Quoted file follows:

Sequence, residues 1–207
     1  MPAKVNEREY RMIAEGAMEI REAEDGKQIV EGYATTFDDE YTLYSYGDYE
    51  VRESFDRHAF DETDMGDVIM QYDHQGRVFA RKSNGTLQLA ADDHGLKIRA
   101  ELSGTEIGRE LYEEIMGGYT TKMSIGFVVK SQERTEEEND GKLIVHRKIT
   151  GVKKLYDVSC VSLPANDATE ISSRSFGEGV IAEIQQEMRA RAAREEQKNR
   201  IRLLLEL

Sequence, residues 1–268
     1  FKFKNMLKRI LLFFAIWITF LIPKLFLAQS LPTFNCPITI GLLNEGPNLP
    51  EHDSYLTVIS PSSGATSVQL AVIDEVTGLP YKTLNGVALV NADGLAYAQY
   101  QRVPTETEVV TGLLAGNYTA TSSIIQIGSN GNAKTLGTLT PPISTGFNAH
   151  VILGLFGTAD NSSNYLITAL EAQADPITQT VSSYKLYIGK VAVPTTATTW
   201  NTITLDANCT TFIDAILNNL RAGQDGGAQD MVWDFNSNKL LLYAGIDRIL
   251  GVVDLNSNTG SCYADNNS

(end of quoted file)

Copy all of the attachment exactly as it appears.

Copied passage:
Sequence, residues 1–207
     1  MPAKVNEREY RMIAEGAMEI REAEDGKQIV EGYATTFDDE YTLYSYGDYE
    51  VRESFDRHAF DETDMGDVIM QYDHQGRVFA RKSNGTLQLA ADDHGLKIRA
   101  ELSGTEIGRE LYEEIMGGYT TKMSIGFVVK SQERTEEEND GKLIVHRKIT
   151  GVKKLYDVSC VSLPANDATE ISSRSFGEGV IAEIQQEMRA RAAREEQKNR
   201  IRLLLEL

Sequence, residues 1–268
     1  FKFKNMLKRI LLFFAIWITF LIPKLFLAQS LPTFNCPITI GLLNEGPNLP
    51  EHDSYLTVIS PSSGATSVQL AVIDEVTGLP YKTLNGVALV NADGLAYAQY
   101  QRVPTETEVV TGLLAGNYTA TSSIIQIGSN GNAKTLGTLT PPISTGFNAH
   151  VILGLFGTAD NSSNYLITAL EAQADPITQT VSSYKLYIGK VAVPTTATTW
   201  NTITLDANCT TFIDAILNNL RAGQDGGAQD MVWDFNSNKL LLYAGIDRIL
   251  GVVDLNSNTG SCYADNNS